Keeping Facebook safe and keeping Facebook secure are two different tasks, Facebook’s Chief Security Officer Alex Stamos said at recent conference. Security, he explained to the crowd, is building walls of defense to keep threats out. But “safety is bigger than that.”

Stamos explained that the “bigger” form of safety was making use of stolen password dumps on the darknet. Instead of simply comparing the password hashes of Facebook users with those made publicly available, Facebook buys the account dumps hidden on the DNMs.

Database breaches containing electronic healthcare records have routinely popped up on marketplaces like the TheRealDeal. Social media has been regularly exploited too. Earlier this year, 65 million Tumblr accounts surfaced for a surprisingly low price.


After the Adobe breach, we learned Facebook that the social media giant mined the Adobe data to find anyone who shared passwords between Facebook and Adobe. The accounts that used the same username (email) and password were “concealed” and received a message with instructions to update their password.

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“Recently, there was a security incident on another website unrelated to Facebook. Facebook was not directly affected by the incident, but your Facebook account is at risk because you were using the same password in both places,” the Facebook message said.


Stamos explained that the social media giant hunted the darknet for account and/or server dumps to buy. The team then used a “computationally heavy” method to cross-reference the passwords found in the dumps with Facebook users’ password hashes.

Facebook sandboxed the users after matches were found, keeping the possibly-compromised accounts from the public eye—until the account owner changed the password.

“The reuse of passwords is the No. 1 cause of harm on the internet,” Cnet quoted Stamos on stage. He continued “Even though we provide these options, it is our responsibility to think about those people that choose not to use them.”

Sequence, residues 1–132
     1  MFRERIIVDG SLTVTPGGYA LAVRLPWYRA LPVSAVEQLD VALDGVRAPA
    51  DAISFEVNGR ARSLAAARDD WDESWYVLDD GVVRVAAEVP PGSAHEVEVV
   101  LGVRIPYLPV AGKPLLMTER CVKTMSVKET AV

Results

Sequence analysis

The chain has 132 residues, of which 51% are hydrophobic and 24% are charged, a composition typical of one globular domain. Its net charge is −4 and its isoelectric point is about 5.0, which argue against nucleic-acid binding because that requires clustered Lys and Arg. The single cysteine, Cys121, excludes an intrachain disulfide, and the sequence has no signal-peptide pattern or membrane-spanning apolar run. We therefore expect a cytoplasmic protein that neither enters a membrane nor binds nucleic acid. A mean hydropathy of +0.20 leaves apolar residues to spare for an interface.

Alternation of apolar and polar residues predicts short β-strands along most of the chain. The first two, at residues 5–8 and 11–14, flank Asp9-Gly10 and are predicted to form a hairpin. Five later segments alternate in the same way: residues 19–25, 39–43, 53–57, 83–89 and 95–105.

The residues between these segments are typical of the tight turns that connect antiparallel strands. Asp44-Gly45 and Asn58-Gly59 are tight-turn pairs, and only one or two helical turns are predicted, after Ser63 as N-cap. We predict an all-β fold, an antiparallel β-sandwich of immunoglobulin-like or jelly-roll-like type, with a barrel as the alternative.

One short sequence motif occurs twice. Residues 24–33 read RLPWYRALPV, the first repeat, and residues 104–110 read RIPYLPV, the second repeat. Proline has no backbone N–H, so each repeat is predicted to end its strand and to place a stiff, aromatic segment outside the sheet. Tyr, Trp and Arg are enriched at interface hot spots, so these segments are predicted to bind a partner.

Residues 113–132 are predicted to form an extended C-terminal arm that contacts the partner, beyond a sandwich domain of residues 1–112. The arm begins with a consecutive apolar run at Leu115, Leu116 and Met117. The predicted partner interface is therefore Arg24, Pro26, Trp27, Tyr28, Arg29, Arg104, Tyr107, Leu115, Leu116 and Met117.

The ability that Facebook had regarding cross-referencing passwords found in data breaches and those of Facebook users raised several questions. People wanted to know how Facebook could possibly check their credentials against those found online without storing their login data in plain text. The suspicion that Facebook stored account information in plain text or similar encrypted fashion was not held by a lone conspirator.

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Chris Long, a security incident response manager at Facebook, explained the process after the 2013 Adobe breach. This was his reply to a commenter on krebsonsecurity.

We used the plaintext passwords that had already been worked out by researchers. We took those recovered plaintext passwords and ran them through the same code that we use to check your password at login time. Like Brian’s story indicates, we’re proactive about finding sources of compromised passwords on the internet. Through practice, we’ve become more efficient and effective at protecting accounts with credentials that have been leaked, and we use an automated process for securing those accounts.

“It can do that because passwords can be used to create hashes, but the reverse isn’t true: hashes can’t be used to recreate the passwords that made them,” Naked Security wrote.

Stamos explained “When somebody logs into Facebook, the password they hand over is passed through a one-way hashing function. If the result matches what Facebook has on record, that user is allowed in.”

Facebook looks for stolen password that are able to pass through Facebook’s hashing algorithm. If it passes and matches the hash file on record for a particular user, “Facebook knows it has hit on a reuser,” Stamos said.

He ended by adding: “Usernames and passwords are an idea that came out of the 1970s mainframe architectures. They were not built for 2016.”

Source : https://www.deepdotweb.com

Author : C. ALIENS

Categorized in Social

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